Days of wine and noses

Days of wine and noses

Hot ticket

A few years ago, American director Alexander Payne took a light-hearted tour of the wine country in the blackly comic Sideways.

Refined taste … Gilles Legrand.

Refined taste … Gilles Legrand.

Photo: AFP

Now the French director Gilles Legrand takes the heritage of winemaking and the family passions involved much more seriously in the classy drama You Will Be My Son.

His film centres on an ageing master winemaker, Paul de Marseul (played by Niels Arestrup from A Prophet), who baulks at handing over a family legacy built over 11 generations to his studious son Martin (Lorant Deutsch from Santa's Apprentice). ''You need a nose, a palate,'' the headstrong patriarch taunts. ''All you have is an ear.''

Instead, de Marseul courts Philippe (Nicolas Bridet from The Round Up), the more charismatic son of his long-time estate manager, to take over, setting up a bitter conflict between the two families.


Legrand, who describes the drama as ''a tragedy of Greek proportions'', sets the film on an exclusive estate where the patriarch's discerning taste extends to expensive hotels and shoes. ''There are only 1 or 2 per cent in the winegrowing industry who have these wonderful vineyards - there are lots of poor winegrowers in France - but these people are into excellence … [The head of the family] is an epicurean in every sense of the word.''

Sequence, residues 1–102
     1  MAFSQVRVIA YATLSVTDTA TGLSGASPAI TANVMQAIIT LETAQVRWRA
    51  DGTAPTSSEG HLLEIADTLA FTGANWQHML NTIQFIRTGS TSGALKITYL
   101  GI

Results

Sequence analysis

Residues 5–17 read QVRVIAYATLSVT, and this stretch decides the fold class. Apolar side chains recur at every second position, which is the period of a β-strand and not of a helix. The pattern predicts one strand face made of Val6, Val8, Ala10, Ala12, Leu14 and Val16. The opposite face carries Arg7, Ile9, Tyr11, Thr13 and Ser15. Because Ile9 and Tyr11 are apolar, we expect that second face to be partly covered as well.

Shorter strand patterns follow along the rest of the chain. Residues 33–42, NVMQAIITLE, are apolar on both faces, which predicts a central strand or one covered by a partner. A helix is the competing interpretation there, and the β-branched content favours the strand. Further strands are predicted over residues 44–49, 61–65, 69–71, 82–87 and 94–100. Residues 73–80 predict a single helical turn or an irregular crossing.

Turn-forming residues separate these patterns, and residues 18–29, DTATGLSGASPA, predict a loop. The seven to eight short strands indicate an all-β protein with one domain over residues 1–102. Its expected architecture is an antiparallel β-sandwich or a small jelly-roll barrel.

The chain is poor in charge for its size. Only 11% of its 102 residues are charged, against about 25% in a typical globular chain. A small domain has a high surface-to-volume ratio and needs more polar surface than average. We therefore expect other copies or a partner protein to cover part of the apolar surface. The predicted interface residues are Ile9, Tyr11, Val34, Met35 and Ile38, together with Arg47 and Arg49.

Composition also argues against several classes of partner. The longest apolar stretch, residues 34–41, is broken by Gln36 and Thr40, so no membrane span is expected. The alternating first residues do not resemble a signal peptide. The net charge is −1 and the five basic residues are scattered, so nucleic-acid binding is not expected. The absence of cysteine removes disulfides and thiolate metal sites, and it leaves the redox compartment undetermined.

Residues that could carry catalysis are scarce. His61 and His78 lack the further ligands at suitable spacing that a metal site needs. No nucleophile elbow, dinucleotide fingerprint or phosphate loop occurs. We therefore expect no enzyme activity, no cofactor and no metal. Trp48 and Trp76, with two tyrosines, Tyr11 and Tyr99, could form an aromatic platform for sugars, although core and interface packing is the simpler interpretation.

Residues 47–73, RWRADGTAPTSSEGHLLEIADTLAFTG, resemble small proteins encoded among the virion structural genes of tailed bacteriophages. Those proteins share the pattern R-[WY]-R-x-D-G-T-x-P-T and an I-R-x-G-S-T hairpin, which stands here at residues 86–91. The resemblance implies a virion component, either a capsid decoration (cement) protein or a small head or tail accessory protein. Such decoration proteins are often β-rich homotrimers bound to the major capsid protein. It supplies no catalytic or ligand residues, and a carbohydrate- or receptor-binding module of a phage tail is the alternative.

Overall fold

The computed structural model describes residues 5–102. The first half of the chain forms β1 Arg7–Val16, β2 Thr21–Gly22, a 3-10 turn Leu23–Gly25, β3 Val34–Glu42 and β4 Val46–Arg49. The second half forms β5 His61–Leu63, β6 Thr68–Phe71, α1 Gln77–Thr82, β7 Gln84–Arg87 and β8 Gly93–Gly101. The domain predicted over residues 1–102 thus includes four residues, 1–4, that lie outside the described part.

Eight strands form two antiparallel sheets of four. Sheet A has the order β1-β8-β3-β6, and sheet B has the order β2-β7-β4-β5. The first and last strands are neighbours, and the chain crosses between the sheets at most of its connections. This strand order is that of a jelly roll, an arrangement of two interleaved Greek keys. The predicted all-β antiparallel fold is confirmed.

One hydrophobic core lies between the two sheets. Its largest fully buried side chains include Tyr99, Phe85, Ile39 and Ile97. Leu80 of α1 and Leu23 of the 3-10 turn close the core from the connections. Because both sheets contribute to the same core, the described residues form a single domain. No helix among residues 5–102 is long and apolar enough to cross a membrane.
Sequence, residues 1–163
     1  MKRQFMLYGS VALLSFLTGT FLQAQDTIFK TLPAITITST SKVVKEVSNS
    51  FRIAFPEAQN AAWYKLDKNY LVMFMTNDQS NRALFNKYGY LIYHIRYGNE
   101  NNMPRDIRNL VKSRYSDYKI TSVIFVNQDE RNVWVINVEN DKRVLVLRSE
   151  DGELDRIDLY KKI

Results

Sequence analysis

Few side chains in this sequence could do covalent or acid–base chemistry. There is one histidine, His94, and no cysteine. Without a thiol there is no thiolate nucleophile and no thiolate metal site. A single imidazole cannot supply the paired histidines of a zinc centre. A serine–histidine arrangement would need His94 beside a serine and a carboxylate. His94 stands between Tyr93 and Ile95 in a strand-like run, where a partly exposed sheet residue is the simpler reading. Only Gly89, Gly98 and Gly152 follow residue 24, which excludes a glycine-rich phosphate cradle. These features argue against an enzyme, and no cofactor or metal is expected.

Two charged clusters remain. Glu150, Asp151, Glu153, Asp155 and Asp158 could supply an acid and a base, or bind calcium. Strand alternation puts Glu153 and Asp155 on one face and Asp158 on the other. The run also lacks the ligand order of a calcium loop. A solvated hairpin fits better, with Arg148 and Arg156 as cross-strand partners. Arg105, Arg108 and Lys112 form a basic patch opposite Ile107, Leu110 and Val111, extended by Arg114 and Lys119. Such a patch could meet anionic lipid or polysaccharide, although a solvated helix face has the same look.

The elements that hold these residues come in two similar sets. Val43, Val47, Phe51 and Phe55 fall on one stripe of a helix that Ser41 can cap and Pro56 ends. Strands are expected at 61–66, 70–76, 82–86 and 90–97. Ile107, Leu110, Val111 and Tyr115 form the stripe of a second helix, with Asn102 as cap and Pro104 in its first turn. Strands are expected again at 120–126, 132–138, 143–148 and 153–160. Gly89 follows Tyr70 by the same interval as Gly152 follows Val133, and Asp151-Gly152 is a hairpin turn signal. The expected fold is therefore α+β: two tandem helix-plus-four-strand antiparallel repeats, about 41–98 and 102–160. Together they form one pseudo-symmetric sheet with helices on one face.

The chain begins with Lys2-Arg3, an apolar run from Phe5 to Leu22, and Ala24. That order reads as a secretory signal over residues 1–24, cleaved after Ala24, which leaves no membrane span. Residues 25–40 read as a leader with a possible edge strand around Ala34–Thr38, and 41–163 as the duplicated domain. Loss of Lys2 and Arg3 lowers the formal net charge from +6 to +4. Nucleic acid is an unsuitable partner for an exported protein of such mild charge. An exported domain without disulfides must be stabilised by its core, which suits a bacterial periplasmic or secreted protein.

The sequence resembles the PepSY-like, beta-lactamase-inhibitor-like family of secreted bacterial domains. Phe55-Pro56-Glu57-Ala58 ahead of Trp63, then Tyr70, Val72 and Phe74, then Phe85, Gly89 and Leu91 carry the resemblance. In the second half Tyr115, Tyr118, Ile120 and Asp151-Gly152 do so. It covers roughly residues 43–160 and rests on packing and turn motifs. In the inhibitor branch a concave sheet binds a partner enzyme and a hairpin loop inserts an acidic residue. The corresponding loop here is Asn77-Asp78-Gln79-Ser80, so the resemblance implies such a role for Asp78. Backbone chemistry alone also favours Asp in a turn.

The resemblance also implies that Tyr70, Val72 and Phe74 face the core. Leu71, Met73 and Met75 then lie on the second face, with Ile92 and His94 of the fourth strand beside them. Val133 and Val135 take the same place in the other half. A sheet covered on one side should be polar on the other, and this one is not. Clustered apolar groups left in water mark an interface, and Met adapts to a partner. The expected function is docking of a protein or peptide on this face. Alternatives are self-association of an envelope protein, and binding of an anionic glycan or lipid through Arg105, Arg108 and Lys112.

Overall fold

Researching the film among winemakers in Burgundy and Bordeaux, the director discovered the widespread concern about passing on both the knowledge required to make great wine and the family heritage.

''Wine is part of our civilisation, our culture,'' he says. ''It has been since the days of Christ. Wine reflects the richness of the land and in France we have many, many different kinds of soil, so wines from Bordeaux, Burgundy, from the south of France, Loire or the Alsace will be very different and all of them are magnificent.

''With apologies, wines are like women: beautiful but varied.''

To shoot the film, the filmmakers found a vineyard where the obliging owner handed over the keys to his chateau for two months.

''Initially, I wanted to set it in Burgundy,'' Legrand says. ''They have vineyards there where they produce both red and white wine and I was interested in having the two in the story … But I couldn't find the vineyard I wanted so I had to settle for one in Saint-Emilion, which is just outside Bordeaux.''


With apologies, wines are like women: beautiful but varied.

GENRE French drama. CRITICAL BUZZ Classy family tale delving into the culture of winemaking. DIRECTOR Gilles Legrand. RATED M. RELEASE Now showing.

Garry Maddox

Garry Maddox is a Senior Writer for The Sydney Morning Herald.

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